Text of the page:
Tuesday, April 21, 2009

Recommended Reading: The Prodigal God

"One of the signs that you may not grasp the unique, radical nature of the gospel is that you are certain that you do." That sentence came from the second paragraph of the introduction to Tim Keller's work, The Prodigal God. It helped to set the tone for this convicting, encouraging, informative little book about the parable of the prodigal son, as it is often called, found in Luke 15.

Keller fleshes out a fuller understanding of human sinfulness and lostness than is often seen in sermons preached or works written about this parable. Most preachers and authors focus on the younger brother and his licentious living. However, Keller focuses on the elder brother as well, pointing out the equally sinful lifestyle and lost condition of religious folks. He leaves no wiggle room for the elder brothers (i.e. religiously lost) who "obey God to get things" (p. 42), going so far as to assert that "religious and moral people can be avoiding Jesus as Savior and Lord as much as the younger brothers who say they don't believe in God and define right and wrong for themselves" (p. 43). This caught my attention, for I was that kind of elder brother who was avoiding submitting my life to Christ through a superficial obedience to external commands largely so that I can "get things" from God: peace, decent job, respect, etc.

This book caused me to love the grace of God and the saving work of Christ all the more. Keller gave me a new insight concerning this parable that I had never noticed. In the first two parables in Luke 15--the parable of the lost sheep and the parable of the lost coin--someone goes out looking for what is lost. In the prodigal son, no one goes looking. Why? Keller points back to the story of Cain and Abel, where Cain should have been his brother's keeper. The elder brother in this parable should have been out searching for his brother, but "by putting a flawed elder brother in the story, Jesus is inviting us to imagine and yearn for a true one" (p. 84).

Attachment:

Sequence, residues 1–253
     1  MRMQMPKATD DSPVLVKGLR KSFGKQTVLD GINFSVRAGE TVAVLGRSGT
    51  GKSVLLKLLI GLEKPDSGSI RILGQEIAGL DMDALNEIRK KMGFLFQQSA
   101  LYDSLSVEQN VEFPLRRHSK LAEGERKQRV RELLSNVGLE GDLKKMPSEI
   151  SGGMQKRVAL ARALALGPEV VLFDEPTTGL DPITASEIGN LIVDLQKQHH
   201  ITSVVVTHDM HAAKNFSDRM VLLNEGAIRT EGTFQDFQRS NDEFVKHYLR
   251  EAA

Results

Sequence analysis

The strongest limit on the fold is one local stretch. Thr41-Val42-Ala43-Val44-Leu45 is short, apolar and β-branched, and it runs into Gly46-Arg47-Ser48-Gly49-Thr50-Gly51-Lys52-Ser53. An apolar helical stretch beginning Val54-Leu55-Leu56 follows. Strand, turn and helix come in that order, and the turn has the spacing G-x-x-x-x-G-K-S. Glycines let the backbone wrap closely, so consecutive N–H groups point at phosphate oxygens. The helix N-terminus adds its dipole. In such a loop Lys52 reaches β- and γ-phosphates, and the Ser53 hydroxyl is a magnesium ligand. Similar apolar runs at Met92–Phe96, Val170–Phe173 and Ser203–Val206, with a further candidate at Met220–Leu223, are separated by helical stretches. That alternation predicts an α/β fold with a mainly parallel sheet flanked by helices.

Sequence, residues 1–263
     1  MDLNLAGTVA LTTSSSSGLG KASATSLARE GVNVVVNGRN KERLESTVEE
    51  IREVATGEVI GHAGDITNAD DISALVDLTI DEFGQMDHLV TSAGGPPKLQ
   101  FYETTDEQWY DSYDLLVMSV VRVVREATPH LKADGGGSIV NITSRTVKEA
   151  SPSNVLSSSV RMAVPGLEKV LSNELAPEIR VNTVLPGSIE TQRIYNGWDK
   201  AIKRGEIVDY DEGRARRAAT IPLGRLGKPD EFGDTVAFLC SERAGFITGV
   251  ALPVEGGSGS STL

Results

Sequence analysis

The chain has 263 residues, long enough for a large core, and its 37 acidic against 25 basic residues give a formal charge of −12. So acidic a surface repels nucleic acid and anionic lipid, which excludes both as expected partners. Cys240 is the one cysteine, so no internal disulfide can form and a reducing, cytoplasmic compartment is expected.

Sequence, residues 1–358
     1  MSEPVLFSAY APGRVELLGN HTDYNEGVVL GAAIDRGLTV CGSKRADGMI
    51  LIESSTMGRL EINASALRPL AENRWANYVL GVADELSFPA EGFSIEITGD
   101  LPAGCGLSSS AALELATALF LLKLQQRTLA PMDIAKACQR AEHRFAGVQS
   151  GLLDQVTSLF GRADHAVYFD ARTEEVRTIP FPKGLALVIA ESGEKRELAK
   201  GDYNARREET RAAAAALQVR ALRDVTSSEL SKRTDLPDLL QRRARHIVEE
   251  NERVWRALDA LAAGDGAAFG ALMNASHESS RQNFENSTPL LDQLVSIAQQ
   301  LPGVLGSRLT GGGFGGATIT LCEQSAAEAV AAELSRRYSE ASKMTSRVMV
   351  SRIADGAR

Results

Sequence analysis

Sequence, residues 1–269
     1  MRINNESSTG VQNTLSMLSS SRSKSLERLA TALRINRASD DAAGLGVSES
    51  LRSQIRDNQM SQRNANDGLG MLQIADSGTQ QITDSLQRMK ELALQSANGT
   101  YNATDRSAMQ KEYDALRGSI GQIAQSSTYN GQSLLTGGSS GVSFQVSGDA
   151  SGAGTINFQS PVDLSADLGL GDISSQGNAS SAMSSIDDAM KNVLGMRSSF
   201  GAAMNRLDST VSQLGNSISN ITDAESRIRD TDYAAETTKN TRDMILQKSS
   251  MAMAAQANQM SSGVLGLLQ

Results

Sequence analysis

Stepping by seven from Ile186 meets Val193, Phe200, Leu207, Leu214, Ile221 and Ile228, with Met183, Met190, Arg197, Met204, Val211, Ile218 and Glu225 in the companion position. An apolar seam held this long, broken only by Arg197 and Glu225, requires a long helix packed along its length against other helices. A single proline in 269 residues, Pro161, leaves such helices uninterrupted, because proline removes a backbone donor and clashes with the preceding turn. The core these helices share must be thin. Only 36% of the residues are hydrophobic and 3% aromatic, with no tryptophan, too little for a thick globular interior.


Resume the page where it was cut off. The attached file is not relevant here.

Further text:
Thankfully, Christ did enter this world and take on human flesh to rescue those who put their trust in Him alone by grace through faith, for "we will never stop being younger brothers or elder brothers until we acknowledge our need, rest by faith, and gaze in wonder at the work of our true elder brother, Jesus Christ" (p. 89).

So, please take some time and read this book. If you're in the Chatsworth, GA area feel free to drop by the church so that I can gladly loan it to you.

Here are some more quotes from the work:

"Careful obedience to God's law may serve as a strategy for rebelling against God" (p. 37).

"If you've become a Christian out of being an elder brother, you can even more easily slide back into elder-brother attitudes and spiritual deadness. If you have not grasped the gospel fully and deeply, you will return to being condescending, condemning, anxious, insecure, joyless, and angry all the time" (p. 70).

"It's not the repentance that causes the father's love, but rather the reverse" (p. 74).

"What must we do, then, to be saved? To find God we must repent of the things we have done wrong, but if that is all you do, you may remain just an elder brother. To truly become Christians we must also repent of the reasons we ever did anything right" (p. 78).

Wednesday, April 08, 2009

Great Matt Chandler Clip

The following clip by Matt Chandler is amazing! I thank God that He didn't toss me in the gutter when He could have. He chose to redeem me, even when I didn't think I needed redeeming. Some of you may be in the same condition. I beg you: be reconciled to God!

Side note: I hope to return to regular blogging soon as a means of ministry by sharing what the Lord's doing in my life, what I'm learning, or some burdens for which I need prayer. Stay tuned!